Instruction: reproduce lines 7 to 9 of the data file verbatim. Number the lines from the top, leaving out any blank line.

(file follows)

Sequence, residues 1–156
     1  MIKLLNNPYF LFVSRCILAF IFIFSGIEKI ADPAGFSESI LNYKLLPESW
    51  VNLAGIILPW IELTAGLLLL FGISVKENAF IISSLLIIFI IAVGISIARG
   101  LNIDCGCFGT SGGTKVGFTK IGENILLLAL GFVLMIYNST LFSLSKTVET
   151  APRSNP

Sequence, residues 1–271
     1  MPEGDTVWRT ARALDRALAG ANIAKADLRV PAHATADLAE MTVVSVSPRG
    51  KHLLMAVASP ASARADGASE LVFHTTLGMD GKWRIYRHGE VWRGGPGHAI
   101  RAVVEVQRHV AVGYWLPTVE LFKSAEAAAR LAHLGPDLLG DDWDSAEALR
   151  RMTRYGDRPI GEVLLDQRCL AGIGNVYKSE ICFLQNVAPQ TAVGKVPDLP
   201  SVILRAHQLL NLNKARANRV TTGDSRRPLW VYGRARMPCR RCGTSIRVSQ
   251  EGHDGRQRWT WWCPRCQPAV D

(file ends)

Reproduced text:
     1  MPEGDTVWRT ARALDRALAG ANIAKADLRV PAHATADLAE MTVVSVSPRG
    51  KHLLMAVASP ASARADGASE LVFHTTLGMD GKWRIYRHGE VWRGGPGHAI
   101  RAVVEVQRHV AVGYWLPTVE LFKSAEAAAR LAHLGPDLLG DDWDSAEALR